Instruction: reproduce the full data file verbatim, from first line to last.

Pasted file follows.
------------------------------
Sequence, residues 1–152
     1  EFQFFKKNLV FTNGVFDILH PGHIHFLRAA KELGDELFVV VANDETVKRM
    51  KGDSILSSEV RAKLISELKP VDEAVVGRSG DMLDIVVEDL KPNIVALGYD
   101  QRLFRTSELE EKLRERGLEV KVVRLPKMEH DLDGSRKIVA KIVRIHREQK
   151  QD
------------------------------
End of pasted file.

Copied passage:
Sequence, residues 1–152
     1  EFQFFKKNLV FTNGVFDILH PGHIHFLRAA KELGDELFVV VANDETVKRM
    51  KGDSILSSEV RAKLISELKP VDEAVVGRSG DMLDIVVEDL KPNIVALGYD
   101  QRLFRTSELE EKLRERGLEV KVVRLPKMEH DLDGSRKIVA KIVRIHREQK
   151  QD